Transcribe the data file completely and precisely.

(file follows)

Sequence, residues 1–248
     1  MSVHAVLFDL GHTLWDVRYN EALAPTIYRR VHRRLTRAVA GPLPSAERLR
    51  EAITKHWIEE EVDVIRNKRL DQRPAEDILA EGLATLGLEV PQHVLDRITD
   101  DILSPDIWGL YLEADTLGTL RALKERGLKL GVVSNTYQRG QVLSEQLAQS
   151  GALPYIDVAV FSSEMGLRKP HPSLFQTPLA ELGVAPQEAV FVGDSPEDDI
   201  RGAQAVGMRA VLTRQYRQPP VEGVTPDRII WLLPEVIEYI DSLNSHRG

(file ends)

Sequence, residues 1–248
     1  MSVHAVLFDL GHTLWDVRYN EALAPTIYRR VHRRLTRAVA GPLPSAERLR
    51  EAITKHWIEE EVDVIRNKRL DQRPAEDILA EGLATLGLEV PQHVLDRITD
   101  DILSPDIWGL YLEADTLGTL RALKERGLKL GVVSNTYQRG QVLSEQLAQS
   151  GALPYIDVAV FSSEMGLRKP HPSLFQTPLA ELGVAPQEAV FVGDSPEDDI
   201  RGAQAVGMRA VLTRQYRQPP VEGVTPDRII WLLPEVIEYI DSLNSHRG